Tech Expert Mentions The Possibility of Hacking in Apple Devices

Tech Expert: “Apple Devices Can Be Hacked in Different Ways”

We have been relying to tech experts about our loved devices. Recently, one of them mentioned the possibility of Apple devices being hacked because of a new feature.

The iPhone X, which is the latest model released by Apple has a new feature. This feature grabbed the interest of iOS users around the globe. It’s the Face ID. A review of this feature can be found here: https://technewsgadget.net/2017/12/apple-iphone-x-what-wrong-to-iphone-xs-face-id/.

One concerned user stated that Apple itself could use the data to benefit other sectors of its business, sell it to third parties for surveillance purposes, or receive law enforcement requests to access it facial-recognition system.

Your Device Can be Hacked with Just One Photo

Have you ever watched the movie “The Ring”? If yes, then you’d know how this works.

Just viewing one photo which was sent to you can get your device hacked.

Experts are urging Apple users to manually update their operating systems after Apple issued a patch for a new security exploit that could let a hacker take over their devices with a single image.

When an attacker knows your cellphone number, all that they have to do is send you the photo. It could be sent through email or even an MMS.

Hackers could theoretically hide malicious instructions inside the code for a photo sent to you to launch an attack on your device.

If your operating system is earlier than 9.3.3 on iOS or earlier than 10.11.6 for OS X, it could be vulnerable.

The attack is theoretical at this point and there have been no reports of it being used, so far. But prevention is better than cure so might as well update your phones now.

Google Chrome hacked with sandbox bypass

A Russian student who studies in Canada has successfully hacked into a fully patched Windows 7 64-bit version. He used a remote code execution vulnerability/exploit in Google Chrome.

Sergey Glazunov is a security researcher who finds security holes in Chrome and reports it directly to Google.

He earned $60,000 due to his exploits. He targeted two distinct zero-day vulnerabilities in the sub-system of the Chrome extension. Google is trying to partner with hackers to find holes in the system. In exchange they pay the hacker for his job. They call the Pwnium hacker contest which they are running this year.

Justin Schuh of Google said that, “It didn’t break out of the sandbox [but] it avoided the sandbox.” Glazunov’s exploits bypassed the browser sandbox in its entirety.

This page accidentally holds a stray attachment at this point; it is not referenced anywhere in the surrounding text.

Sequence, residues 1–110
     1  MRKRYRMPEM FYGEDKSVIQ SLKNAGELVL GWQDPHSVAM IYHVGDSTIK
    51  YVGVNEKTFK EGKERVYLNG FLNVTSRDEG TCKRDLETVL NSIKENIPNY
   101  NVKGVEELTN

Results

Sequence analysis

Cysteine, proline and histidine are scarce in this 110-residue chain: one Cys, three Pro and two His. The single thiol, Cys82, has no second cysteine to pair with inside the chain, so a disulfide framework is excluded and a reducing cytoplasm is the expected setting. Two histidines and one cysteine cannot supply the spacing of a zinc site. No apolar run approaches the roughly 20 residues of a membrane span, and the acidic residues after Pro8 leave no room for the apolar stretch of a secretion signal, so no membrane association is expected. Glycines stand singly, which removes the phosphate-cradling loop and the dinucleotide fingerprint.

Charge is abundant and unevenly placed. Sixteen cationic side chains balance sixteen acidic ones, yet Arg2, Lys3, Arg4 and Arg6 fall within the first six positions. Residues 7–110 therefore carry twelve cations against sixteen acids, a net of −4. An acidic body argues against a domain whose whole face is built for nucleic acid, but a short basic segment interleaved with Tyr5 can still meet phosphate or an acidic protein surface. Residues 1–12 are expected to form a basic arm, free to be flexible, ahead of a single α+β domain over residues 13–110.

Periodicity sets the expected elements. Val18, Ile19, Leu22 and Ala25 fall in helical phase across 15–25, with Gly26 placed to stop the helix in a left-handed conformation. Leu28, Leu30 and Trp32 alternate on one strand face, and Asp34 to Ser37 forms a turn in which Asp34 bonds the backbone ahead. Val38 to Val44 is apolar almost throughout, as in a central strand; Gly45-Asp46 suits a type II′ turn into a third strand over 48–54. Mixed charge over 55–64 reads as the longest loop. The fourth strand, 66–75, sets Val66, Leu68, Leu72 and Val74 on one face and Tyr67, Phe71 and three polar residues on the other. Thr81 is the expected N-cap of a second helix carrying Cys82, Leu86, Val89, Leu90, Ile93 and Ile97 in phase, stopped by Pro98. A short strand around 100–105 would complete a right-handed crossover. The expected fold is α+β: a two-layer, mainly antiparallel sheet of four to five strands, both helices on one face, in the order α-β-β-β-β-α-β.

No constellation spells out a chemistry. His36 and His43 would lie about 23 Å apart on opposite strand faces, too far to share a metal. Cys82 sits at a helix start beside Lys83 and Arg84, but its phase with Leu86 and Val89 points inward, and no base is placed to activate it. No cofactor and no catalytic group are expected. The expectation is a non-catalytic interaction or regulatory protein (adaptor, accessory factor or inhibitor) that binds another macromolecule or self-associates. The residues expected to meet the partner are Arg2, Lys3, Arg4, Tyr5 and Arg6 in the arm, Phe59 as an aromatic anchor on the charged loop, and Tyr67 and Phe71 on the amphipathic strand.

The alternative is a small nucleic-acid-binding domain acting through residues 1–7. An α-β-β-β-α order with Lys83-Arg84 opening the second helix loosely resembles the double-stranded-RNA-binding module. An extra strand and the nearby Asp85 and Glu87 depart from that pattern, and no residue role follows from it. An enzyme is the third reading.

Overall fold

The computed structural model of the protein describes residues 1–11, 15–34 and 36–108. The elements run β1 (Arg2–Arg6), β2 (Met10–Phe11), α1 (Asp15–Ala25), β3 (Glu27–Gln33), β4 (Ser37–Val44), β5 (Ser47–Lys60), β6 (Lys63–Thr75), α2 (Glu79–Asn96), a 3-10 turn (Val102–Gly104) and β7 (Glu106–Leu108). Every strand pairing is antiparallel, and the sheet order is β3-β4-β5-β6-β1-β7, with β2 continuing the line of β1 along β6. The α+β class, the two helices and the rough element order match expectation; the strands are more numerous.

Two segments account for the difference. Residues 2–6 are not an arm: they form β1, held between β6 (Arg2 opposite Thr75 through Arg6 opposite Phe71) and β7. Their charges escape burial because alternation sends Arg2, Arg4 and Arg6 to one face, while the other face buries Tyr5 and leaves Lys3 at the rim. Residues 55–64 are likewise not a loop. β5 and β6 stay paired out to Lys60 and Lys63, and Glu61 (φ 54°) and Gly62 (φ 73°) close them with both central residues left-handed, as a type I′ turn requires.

He also added, “It was an impressive exploit. It required a deep understanding of how Chrome works. This is not a trivial thing to do. It’s a very difficult and that’s why we’re paying $60,000.”

Sergei is a regular contributor in the Google bug bounty program. He also did a similar sandbox bypass bug before that is similar to his work. Schuh said that these types of full code execution that executes code outside the browser sandbox from a very small percentage of bug submissions.

Image source: isp101.net

One hundred phishers charged

Following a multi-national investigation into a phishing scheme that covered the United States and Egypt, the Federal Bureau of Investigation (FBI) announced today that it had charged 53 defendants in the U.S, thirty-three of which were already arrested while the others are still being sought.

Authorities in Egypt on the other hand have charged 47 defendants who are also linked to the phishing operation, taking the total to 100, the largest number ever charged in a cybercrime case.

The investigation, which was dubbed “Operation Phish Phry”, begun in 2007.

“The sophistication with which Phish Phry defendants operated represents an evolving and troubling paradigm in the way identity  is now committed,” Keith Bolcar, acting assistant director of the FBI in Los Angeles, said in a statement.

“Criminally savvy groups recruit here and abroad to pool tactics and skills necessary to commit organized theft facilitated by the computer, including hacking, fraud and identity theft, with a common greed and shared willingness to victimize Americans.”

The 53 defendants in the U.S. face charges of conspiracy to commit bank and wire fraud that could cost them a maximum of 20 years in prison. Hmmn, let’s see if they can hack they’re way of out that.

Source: http://www.informationweek.com/news/security/attacks/showArticle.jhtml?articleID=220301571

iPhone 3G S unlocked

Yes, he did it again.

George Hotz, 19, who was first known to the world as the first person who unlocked iPhone, claims to have developed an application that can “jailbreak” the latest gadget from Apple.

The application – purplera1n – allows third-party software to be installed in the iPhone 3G S which means even those applications not approved by Apple can run in the phone.

This recent development in the hacking world is a big deal because not only does it make the phone more open to more apps, it also shows that overcoming Apple’s built-in security is not an impossibility.

Hotz released the software which can run on a Windows-based computer on July 3, less than a month after iPhone 3G S was made available to the public. This can run on a PC and the latest version of iTunes and an iPhone 3G S running on the latest iPhone 3.0 software. He released a Mac version of the app today.

He is quick to point out to people though, to do a backup before starting the application as this is still a Beta version.

A lot of blogs posts scattered in the internet have confirmed that the application does work, thus testifying to his er..hacking prowess. And so he says, “We release, Apple fixes, we find new holes”.

Source:

http://digital.venturebeat.com/2009/07/05/teen-hacker-releases-windows-and-mac-jailbreaking-programs-for-iphone-3g-s/